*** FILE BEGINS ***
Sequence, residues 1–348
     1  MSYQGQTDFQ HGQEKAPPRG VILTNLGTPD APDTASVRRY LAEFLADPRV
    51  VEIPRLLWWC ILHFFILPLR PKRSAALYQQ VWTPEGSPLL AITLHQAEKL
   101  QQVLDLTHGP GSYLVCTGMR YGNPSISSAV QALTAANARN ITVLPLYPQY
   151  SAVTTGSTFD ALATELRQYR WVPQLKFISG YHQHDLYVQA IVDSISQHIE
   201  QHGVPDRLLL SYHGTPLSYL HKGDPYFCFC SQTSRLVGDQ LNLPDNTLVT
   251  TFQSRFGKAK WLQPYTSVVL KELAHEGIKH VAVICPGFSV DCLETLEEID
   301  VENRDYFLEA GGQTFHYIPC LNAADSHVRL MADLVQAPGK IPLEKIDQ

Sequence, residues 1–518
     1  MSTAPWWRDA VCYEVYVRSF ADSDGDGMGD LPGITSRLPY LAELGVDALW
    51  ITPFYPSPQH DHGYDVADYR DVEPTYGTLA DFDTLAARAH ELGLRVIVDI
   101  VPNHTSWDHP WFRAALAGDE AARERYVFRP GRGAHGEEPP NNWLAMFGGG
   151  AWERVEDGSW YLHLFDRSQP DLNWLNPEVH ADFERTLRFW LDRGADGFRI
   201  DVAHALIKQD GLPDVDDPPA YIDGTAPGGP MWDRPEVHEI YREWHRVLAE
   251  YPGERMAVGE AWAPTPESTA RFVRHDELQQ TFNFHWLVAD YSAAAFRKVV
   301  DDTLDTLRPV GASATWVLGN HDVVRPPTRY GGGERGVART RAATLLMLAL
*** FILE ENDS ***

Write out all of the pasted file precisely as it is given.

Sequence, residues 1–348
     1  MSYQGQTDFQ HGQEKAPPRG VILTNLGTPD APDTASVRRY LAEFLADPRV
    51  VEIPRLLWWC ILHFFILPLR PKRSAALYQQ VWTPEGSPLL AITLHQAEKL
   101  QQVLDLTHGP GSYLVCTGMR YGNPSISSAV QALTAANARN ITVLPLYPQY
   151  SAVTTGSTFD ALATELRQYR WVPQLKFISG YHQHDLYVQA IVDSISQHIE
   201  QHGVPDRLLL SYHGTPLSYL HKGDPYFCFC SQTSRLVGDQ LNLPDNTLVT
   251  TFQSRFGKAK WLQPYTSVVL KELAHEGIKH VAVICPGFSV DCLETLEEID
   301  VENRDYFLEA GGQTFHYIPC LNAADSHVRL MADLVQAPGK IPLEKIDQ

Sequence, residues 1–518
     1  MSTAPWWRDA VCYEVYVRSF ADSDGDGMGD LPGITSRLPY LAELGVDALW
    51  ITPFYPSPQH DHGYDVADYR DVEPTYGTLA DFDTLAARAH ELGLRVIVDI
   101  VPNHTSWDHP WFRAALAGDE AARERYVFRP GRGAHGEEPP NNWLAMFGGG
   151  AWERVEDGSW YLHLFDRSQP DLNWLNPEVH ADFERTLRFW LDRGADGFRI
   201  DVAHALIKQD GLPDVDDPPA YIDGTAPGGP MWDRPEVHEI YREWHRVLAE
   251  YPGERMAVGE AWAPTPESTA RFVRHDELQQ TFNFHWLVAD YSAAAFRKVV
   301  DDTLDTLRPV GASATWVLGN HDVVRPPTRY GGGERGVART RAATLLMLAL